Walter, known as George, was the second son of C. R. L. Fletcher and Mrs. Fletcher of Norham End. He was born in 1888, came to the Dragon 1896 as a day boy and left in 1900. He was a useful forward in our XV, and won prizes for High Jump in the School Sports. He was joint Head of the School with Robin Laffan (the two were great friends at the Dragon School, at Eton, and at Balliol). He won many prizes for classics and recitation, also the prize for an Illustrated Diary of the Summer Holidays, and a prize for painting in 1898. Perhaps he will be best remembered as an actor, playing Trinculo in The Tempest in 1899 and Touchstone in As You Like It in 1900. He also acted most convincingly as Lancelot Gobbo in The Merchant of Venice in January 1901.
He and Laffan were our first Eton scholars. George was seventeenth on the roll in 1900 and was called up in January 1901. At Eton he was Captain of the School in his last half, won the Latin Verse Prize, rowed in the School VIII in 1906, was 12th man in the College Wall XI, was a member of ‘Pop’, and was President of the College Debating Society. George went to Balliol in January 1907, rowed in the College VIII, and was a member of the Leander Club, also of the Canning Club in 1907. He became a Master at Shrewsbury in 1911 and a Master at Eton in 1913. His elder brother, a lieutenant in the Navy, had sailed in the Colossus on the 27th July 1914; his younger brother Regie was gazetted 2nd Lieutenant R.F.A. on the day of the declaration of war. George joined the Intelligence Corps on the 5th August, went through the retreat from Mons, was in the first battle of the Marne, and at the invitation of its Colonel exchanged into the 2nd Battalion Royal Welsh Fusiliers during the battle of the Aisne. With this regiment he fought till his death on the 2oth March 1913 near Bois-Grenier, France, having twice been Mentioned in Dispatches.
Four days before his death he crawled out at night to the German lines, climbed a tree, and cut down from it a French flag which had been captured by the enemy. This flag was sent to his parents after his death. It was hung for a few days in the Dragon School Hall, and is now in the Eton College Ante-chapel.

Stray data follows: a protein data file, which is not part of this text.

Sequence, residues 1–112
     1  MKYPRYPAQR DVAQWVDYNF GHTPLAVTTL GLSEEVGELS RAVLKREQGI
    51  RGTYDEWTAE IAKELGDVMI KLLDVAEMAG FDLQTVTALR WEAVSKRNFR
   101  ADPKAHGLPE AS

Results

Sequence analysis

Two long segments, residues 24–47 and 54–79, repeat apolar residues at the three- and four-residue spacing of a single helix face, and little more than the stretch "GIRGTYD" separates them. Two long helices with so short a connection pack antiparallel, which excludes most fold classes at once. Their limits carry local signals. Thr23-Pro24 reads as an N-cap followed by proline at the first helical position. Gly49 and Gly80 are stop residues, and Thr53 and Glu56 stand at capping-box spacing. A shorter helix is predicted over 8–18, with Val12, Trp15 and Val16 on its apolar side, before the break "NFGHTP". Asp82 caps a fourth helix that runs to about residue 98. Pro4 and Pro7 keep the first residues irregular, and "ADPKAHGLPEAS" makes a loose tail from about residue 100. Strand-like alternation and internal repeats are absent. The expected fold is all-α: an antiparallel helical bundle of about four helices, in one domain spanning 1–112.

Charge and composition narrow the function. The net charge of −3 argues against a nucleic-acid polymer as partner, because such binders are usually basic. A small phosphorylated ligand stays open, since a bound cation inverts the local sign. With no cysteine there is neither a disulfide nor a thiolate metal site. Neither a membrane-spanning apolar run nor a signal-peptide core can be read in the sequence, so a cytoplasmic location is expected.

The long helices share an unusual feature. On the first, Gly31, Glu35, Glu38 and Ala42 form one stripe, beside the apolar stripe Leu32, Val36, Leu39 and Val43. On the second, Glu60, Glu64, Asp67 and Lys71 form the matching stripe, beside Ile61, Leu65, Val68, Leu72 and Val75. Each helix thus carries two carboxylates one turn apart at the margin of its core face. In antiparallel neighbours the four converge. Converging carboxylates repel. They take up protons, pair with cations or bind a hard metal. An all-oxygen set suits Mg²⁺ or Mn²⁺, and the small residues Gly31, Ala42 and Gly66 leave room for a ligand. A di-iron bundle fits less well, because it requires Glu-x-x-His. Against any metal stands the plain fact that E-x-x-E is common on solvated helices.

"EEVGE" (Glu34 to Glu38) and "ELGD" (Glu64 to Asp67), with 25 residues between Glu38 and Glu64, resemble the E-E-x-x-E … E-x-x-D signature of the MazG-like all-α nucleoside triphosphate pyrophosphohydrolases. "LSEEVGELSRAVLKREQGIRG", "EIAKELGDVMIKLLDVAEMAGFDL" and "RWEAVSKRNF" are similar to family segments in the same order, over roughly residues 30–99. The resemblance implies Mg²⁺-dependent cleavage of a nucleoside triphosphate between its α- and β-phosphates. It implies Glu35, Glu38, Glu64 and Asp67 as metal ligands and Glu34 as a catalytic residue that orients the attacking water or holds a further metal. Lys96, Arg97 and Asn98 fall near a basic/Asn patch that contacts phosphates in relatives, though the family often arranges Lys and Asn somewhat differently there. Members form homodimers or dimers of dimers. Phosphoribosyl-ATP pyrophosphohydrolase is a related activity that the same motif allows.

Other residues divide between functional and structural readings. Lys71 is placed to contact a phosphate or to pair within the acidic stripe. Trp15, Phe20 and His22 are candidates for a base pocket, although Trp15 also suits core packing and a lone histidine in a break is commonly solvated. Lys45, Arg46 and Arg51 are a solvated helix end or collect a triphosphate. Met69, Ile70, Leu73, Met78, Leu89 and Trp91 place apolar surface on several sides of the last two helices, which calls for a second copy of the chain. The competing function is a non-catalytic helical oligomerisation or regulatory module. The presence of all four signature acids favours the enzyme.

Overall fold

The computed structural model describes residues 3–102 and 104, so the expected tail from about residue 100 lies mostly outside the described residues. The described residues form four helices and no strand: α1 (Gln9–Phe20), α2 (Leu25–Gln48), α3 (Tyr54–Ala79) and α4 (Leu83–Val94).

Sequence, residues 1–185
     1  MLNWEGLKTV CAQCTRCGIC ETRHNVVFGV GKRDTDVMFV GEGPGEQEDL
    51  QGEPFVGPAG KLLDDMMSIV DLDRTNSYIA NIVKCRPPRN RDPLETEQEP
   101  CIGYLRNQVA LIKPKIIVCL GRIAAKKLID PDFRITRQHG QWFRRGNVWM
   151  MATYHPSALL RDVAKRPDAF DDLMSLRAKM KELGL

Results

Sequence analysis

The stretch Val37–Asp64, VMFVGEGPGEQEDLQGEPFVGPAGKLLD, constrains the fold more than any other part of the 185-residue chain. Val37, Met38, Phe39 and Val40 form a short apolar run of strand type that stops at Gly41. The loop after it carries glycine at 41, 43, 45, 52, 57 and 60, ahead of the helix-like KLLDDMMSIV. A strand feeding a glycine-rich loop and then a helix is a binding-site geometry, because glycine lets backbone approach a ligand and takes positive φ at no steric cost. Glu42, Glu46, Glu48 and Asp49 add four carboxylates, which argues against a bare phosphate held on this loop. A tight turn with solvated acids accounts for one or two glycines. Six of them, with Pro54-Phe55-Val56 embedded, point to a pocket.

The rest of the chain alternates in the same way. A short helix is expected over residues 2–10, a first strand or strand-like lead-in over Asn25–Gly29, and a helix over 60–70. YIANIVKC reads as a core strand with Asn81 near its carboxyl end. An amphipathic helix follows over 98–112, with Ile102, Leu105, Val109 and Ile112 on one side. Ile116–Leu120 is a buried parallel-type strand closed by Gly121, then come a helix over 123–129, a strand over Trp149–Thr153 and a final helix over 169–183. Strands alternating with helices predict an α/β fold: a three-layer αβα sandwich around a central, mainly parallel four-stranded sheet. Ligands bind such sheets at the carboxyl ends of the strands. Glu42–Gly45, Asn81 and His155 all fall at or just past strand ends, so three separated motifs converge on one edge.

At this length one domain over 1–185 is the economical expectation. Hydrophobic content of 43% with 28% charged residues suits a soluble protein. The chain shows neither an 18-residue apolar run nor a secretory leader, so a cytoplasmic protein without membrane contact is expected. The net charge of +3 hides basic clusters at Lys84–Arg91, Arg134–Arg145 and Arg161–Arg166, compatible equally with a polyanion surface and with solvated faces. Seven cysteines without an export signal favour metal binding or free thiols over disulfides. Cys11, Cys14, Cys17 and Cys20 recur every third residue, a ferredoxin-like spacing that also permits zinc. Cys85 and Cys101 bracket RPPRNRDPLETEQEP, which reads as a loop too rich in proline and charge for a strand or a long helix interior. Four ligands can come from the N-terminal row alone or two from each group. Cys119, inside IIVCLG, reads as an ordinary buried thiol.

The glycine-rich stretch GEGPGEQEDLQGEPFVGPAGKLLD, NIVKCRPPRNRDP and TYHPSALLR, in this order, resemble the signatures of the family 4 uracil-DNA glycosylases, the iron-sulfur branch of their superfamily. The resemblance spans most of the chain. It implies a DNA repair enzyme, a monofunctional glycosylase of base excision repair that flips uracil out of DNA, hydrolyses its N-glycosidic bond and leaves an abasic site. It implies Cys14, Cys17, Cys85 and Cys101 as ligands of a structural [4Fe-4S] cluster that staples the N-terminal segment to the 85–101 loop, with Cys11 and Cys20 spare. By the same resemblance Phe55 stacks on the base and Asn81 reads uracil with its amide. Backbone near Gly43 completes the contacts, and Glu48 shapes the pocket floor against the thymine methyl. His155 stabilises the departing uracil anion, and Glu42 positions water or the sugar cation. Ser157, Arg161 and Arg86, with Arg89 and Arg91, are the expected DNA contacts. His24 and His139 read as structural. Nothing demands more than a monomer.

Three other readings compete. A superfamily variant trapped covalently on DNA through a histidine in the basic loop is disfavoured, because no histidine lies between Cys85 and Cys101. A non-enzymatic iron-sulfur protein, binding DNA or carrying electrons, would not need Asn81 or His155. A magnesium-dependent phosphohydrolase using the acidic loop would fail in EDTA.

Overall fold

An extract from a letter by his friend Robin Laffan to the Draconian:
‘The war has taken its cruel toll from a family universally beloved by all who know them. In August last the three sons of Mr. C. R. L. Fletcher flew to arms as a matter of course. Today Leslie, on board H.M.S. Colossus, is the only one still with us. In November came the tale of Regie’s splendid death; and now the blow is renewed with the tidings of George’s similar end. In the Litany we pray to be delivered from sudden death. But sudden death is an evil with those alone who are not prepared for the summons and we who know George Fletcher will be thankful that, if he had to die, death came quickly. He was wounded in the head in his trench and never recovered consciousness. His letters from the trenches abound in the fun which kept himself and his men cheery in the midst of their hardships. Knowing his enemies, he had an intense admiration and even affection for them. Like a true patriot, he delighted in the different culture of foreign nations. He had quite exceptional gifts as a linguist, and two months at Tilly’s and six months as a schoolmaster in Schleswig gave George a considerable knowledge of Germany and the Germans. He used to relieve the tedium of the trenches with friendly sarcasm shouted at the opposite lines.’
An officer wrote:
‘He was the bravest man I ever saw. We had heard of his latest exploit, when he crawled at night between the flarelights to climb a tree in the German lines where they had hung a captured French flag. Now it waves in our trench. He ought to have been given the Victoria Cross and a Court-martial; but it was worth doing: nothing delighted and inspirited the Tommies more.’
George is buried in the Bois-Grenier Communal Cemetery in France.